The Government will be able to get its workplace health and safety reforms through Parliament with Peter Dunne's support.
The United Future leader confirmed today he's satisfied with changes to the Bill that he negotiated with Workplace Relations and Safety Minister Michael Woodhouse.
That means the Government will have a majority for the Bill, regardless of how other parties vote.
Its committee stage is due to begin later today.
The legislation is the biggest shake-up in health and safety laws in 20 years, but it's been plagued with problems.
The Government weakened it after small businesses and farmers said it would saddle them with unnecessary costs and legal requirements.
That caused an outcry from the families of victims of workplace accidents, including relatives of the men killed in the Pike River mine disaster.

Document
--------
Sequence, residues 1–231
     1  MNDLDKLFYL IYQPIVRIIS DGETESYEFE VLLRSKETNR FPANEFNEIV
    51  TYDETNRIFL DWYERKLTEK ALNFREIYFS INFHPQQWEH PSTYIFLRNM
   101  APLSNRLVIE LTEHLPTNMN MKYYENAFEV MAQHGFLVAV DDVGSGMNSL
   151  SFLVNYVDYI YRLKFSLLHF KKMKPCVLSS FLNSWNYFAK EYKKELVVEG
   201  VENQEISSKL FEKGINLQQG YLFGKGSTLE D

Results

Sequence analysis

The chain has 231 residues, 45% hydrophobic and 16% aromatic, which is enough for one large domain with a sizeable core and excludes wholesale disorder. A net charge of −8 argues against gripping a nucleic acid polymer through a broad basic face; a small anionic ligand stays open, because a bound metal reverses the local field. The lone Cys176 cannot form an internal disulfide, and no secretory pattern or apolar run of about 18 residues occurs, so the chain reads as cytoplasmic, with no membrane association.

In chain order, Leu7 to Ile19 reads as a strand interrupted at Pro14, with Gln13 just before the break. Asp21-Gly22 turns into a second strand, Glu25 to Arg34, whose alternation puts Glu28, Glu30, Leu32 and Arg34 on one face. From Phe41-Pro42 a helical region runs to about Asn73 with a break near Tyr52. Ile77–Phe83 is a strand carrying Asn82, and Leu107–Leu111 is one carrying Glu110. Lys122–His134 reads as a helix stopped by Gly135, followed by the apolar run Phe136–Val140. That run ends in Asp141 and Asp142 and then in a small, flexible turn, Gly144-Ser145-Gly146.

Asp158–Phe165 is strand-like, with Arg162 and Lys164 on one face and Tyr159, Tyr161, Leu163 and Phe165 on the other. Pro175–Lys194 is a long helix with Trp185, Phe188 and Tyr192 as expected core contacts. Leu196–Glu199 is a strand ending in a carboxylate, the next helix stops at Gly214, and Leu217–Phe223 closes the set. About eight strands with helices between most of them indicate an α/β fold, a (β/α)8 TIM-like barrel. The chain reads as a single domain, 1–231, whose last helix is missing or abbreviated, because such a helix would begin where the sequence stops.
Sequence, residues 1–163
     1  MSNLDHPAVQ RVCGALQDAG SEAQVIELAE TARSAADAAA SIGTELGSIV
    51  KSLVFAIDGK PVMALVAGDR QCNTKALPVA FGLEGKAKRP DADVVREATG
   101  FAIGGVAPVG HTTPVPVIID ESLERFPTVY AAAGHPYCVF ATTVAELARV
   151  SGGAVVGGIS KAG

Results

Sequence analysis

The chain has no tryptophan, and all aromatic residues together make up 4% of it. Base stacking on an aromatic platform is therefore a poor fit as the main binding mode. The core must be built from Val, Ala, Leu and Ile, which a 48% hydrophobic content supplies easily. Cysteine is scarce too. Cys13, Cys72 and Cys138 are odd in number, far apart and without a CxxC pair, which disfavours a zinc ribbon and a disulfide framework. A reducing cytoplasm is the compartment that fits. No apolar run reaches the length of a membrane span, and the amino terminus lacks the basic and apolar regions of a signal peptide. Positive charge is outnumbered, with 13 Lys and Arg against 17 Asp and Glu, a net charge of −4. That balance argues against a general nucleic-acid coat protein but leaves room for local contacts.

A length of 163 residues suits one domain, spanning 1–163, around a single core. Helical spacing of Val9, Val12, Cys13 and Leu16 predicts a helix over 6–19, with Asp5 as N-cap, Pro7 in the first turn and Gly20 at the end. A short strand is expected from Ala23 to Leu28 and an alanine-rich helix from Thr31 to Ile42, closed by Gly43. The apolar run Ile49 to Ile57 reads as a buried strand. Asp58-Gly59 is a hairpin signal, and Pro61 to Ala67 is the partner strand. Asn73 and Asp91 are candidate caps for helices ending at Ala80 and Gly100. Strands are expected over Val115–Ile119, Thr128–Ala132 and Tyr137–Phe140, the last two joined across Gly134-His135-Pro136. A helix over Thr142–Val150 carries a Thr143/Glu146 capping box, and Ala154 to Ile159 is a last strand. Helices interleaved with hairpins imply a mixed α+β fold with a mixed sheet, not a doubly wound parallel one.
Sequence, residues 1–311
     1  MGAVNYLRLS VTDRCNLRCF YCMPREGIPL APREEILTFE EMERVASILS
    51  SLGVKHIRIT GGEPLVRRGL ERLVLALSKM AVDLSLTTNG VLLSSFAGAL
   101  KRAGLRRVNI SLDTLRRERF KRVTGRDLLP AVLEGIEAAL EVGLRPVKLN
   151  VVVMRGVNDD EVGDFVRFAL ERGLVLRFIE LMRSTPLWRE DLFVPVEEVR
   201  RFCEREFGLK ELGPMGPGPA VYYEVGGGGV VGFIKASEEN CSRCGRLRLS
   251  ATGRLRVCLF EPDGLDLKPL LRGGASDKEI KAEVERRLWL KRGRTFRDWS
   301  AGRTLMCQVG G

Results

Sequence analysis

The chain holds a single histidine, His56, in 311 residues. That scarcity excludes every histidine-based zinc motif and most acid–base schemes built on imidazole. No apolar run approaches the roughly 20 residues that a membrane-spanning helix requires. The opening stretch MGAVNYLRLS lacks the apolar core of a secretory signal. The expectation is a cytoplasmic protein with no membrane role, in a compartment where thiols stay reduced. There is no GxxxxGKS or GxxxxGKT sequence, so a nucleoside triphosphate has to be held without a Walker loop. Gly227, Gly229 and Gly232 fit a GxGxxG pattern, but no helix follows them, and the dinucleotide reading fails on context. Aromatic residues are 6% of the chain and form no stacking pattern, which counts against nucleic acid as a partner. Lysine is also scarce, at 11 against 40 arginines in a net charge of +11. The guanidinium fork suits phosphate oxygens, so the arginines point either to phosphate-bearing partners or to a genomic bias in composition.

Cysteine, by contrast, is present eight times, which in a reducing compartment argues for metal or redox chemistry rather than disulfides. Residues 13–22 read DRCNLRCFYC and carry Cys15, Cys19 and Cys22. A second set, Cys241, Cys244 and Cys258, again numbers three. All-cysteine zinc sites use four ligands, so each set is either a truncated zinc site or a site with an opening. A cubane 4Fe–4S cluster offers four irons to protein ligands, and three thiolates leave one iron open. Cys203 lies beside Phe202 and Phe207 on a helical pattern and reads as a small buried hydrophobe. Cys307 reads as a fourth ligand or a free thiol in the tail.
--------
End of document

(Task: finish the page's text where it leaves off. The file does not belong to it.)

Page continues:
Mr Dunne says he negotiated significant changes which will be made during the Bill's committee stage.
His main concern was around the definition of high-risk industries.
Those industries aren't specified in the Bill and they will have to comply with stronger safety requirements than other industries.
High-risk industries will have safety representatives elected by workers, while other industries only have "engagement" with management.
Mr Woodhouse has released a proposed schedule of 57 high-risk industries, which will be confirmed by regulation after further consultation with them.
He says that under the proposed schedule, about three-quarters of all workers would be in industries which will have the ability to elect health and safety representatives.
Some forms of farming are covered including livestock farming and sharemilking.
Mr Dunne says he insisted that all industries defined as high risk would have elected representatives, regardless of the number of employees.NZN